However, I, personally, am uncomfortable using a term that is so socially loaded and misunderstood so as to cause people who suffer from "real" auditory and visual hallucinations (and paranoia) to feel isolated and rejected. (And, I write this as I sit at the hospital attempting to get help for a patient who has been trying for years to live with her paranoia but who is resigning herself to accept outside help, because she just can't take it anymore-- even under these circumstances, she's not really ready to accept what's happening with her). I think about the people I come into contact with regularly when I hear the terms poetry and schizophrenia used nearly synonymously. When in a social setting, I'm sure that not too many poets would introduce themselves as "schizophrenic" (a term I am also loathe to use, as there's so much more to a person than a mental health diagnosis) because of the social reprecussions that would create. Sit back and imagine how someone you've recently met might react if you say, "Oh, and I'm schizophrenic. I have some books with me, if you want to look." People already have a difficult time reacting appropriately when told we're poets....

I am a poet. And, in a lot of ways, being a poet is complicated. What compels me to write poetry that doesn't happen with my brother or other family members? I don't know. I know that I don't hear voices that "command" it of me (and, I've never encountered someone with voices that would command something like writing poetry-- from the way I understand it, the voices ask for something else).

On some levels, I can understand the metaphor, but on many, I simply can't accept it. Maybe I'm too close to people in crisis, and I just want to pull them in under my blanket and protect them. To me, it's a convenient metaphor in a lot of ways, but even in reflecting on Spicer's aliens, I see it as different from what he described. My muse is in me, and in many ways, is a part of me. My muse doesn't wish me harm, doesn't tell me I'd be better off dead and give me ways to kill myself. My muse doesn't tell me that everyone is looking at me and laughing. Nor does my muse tell me that everyone hates me because I had my tarot cards read once eight years ago. My muse seeks to help me identify with others, not to isolate me from others. My muse helps me to share in the human experience and give to that experience. This is not to say that all auditory hallucinations are exactly like this, or that there aren't individuals who enjoy the company they have. Some are much kinder-- "helpful" seeming. And, this is not to say that there do not exist and have not existed people with schizophrenia who are not poets (or painters, or sculptors, or other kinds of artists), because we all know this isn't true.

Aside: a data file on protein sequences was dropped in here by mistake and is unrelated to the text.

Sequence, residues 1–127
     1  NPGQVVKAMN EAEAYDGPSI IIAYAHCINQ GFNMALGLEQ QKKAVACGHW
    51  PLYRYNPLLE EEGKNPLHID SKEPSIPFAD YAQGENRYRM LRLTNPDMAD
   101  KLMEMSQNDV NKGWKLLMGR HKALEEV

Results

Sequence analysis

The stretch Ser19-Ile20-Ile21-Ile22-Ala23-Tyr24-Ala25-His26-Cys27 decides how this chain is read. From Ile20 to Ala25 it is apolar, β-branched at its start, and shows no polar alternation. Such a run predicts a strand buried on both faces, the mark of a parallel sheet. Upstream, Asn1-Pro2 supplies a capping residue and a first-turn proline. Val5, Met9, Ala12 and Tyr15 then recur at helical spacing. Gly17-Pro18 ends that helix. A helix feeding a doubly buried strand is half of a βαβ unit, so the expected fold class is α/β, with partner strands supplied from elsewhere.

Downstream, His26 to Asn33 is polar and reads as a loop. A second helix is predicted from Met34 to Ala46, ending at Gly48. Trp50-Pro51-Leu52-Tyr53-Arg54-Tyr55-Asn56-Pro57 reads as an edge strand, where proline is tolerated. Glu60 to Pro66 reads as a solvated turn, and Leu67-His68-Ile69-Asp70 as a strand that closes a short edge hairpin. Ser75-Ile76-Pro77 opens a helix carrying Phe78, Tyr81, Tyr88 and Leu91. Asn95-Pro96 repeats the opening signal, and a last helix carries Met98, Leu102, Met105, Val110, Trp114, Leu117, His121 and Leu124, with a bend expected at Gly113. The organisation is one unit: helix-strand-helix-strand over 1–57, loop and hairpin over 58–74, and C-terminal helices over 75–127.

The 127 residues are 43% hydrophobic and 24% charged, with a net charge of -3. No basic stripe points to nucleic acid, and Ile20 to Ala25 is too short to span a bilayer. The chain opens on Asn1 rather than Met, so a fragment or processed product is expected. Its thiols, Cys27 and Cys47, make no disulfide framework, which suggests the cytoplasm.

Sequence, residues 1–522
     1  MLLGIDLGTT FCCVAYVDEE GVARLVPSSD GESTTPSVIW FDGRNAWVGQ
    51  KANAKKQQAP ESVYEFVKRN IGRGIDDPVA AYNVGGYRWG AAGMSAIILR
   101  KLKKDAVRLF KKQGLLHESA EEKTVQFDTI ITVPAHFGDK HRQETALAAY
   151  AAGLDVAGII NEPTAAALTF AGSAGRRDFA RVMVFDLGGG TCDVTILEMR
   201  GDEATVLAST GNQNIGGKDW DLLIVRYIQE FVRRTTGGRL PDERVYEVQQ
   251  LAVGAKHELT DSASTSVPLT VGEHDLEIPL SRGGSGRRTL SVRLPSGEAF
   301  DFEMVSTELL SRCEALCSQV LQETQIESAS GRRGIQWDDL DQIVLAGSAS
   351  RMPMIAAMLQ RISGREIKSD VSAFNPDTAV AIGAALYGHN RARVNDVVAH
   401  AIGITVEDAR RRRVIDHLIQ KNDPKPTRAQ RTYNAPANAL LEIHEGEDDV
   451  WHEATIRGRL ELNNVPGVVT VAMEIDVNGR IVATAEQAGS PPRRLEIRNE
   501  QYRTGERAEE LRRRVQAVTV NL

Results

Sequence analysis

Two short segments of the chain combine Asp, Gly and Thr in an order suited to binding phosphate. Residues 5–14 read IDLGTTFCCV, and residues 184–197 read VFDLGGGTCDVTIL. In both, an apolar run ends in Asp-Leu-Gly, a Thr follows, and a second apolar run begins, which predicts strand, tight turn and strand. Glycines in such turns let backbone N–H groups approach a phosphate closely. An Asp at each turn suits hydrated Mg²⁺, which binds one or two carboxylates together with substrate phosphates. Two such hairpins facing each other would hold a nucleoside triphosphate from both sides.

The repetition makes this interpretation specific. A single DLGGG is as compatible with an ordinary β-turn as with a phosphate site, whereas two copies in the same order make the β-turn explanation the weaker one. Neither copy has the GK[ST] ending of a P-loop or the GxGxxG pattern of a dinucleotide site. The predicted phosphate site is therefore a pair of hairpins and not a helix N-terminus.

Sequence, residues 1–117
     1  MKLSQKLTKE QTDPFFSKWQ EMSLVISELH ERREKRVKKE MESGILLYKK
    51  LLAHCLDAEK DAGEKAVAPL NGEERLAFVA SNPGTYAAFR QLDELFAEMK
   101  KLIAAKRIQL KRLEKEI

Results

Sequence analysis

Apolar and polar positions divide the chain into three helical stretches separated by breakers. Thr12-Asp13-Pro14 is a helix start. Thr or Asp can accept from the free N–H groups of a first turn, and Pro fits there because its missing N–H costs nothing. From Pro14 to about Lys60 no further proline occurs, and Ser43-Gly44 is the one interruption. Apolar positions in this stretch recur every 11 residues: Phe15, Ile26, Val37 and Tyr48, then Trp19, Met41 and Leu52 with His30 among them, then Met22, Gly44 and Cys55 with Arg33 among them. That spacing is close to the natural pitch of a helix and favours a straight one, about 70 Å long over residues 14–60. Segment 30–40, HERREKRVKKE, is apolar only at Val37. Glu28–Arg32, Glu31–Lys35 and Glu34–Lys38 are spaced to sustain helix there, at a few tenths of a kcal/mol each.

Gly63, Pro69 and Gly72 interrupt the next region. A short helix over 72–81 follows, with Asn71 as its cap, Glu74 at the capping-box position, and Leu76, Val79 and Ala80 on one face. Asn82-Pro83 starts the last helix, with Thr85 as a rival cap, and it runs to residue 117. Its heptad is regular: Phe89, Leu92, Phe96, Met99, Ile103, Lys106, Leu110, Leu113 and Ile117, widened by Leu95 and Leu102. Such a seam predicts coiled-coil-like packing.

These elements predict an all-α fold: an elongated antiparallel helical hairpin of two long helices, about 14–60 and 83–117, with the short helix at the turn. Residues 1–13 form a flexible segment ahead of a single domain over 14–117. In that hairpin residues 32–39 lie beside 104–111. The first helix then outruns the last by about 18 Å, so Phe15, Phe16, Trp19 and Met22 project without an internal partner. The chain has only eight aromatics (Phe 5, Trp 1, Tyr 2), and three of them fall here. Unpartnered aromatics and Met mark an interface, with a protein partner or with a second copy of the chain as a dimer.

I'm thankful for my interactions with people with schizophrenia, because my poetry has been affected by those interactions (I've been affected in other ways, too, but this is about poetry). I've learned a lot about language and how to fit words and ideas together in ways that were never available to me before. I've learned that there are "other" ways of presenting complex ideas on the page, just from conversations with the people I've encountered. I've learned to think differently in some ways, because I've been granted new perspectives on the mind and the way it produces thought. I'm thankful for that, and I try to be respectful of that.

Thanks for reading!

Friday, October 5, 2007


I don't think I've mentioned before that I'm a Reiki practitioner. (If you're interested in learning more about it, please check out this link: I've begun reading about treating animals with Reiki, particularly as I have two cats.

Tonight, I'm in New Orleans, and I decided to do a session with a 20-year-old cat who I've only met twice before. She's at the beginning stages of kidney problems that will eventually cause her death, and she yells a lot, apparently due to the pain she's experiencing. Tonight, she accepted a session with me. I've only had a little experience with doing Reiki on animals, and I suspect my experiences with my own cats is a little biased, because we are too close. But, I cried hard at two points during the session with Kitters. I noticed an ebb and flow of energy throughout the session, and just before she ended the session, Kitters was purring. I found myself involved in an involuntary giggle. It was such a great experience! There was such a large surge of emotion during this session.

I love how each session with animals is different. I love how animals instinctively take what they need and respond to the Reiki in their own ways. One of my cats starts pulling Reiki from my hands as soon as I touch her, while the other often runs around my apartment for a while before she settles in at a place where she is comfortable but not too close to me.... It's all amazing, though. I'm just glad I can bring to them!

Thanks for reading.

Tuesday, October 2, 2007


Let's hear it for the girl!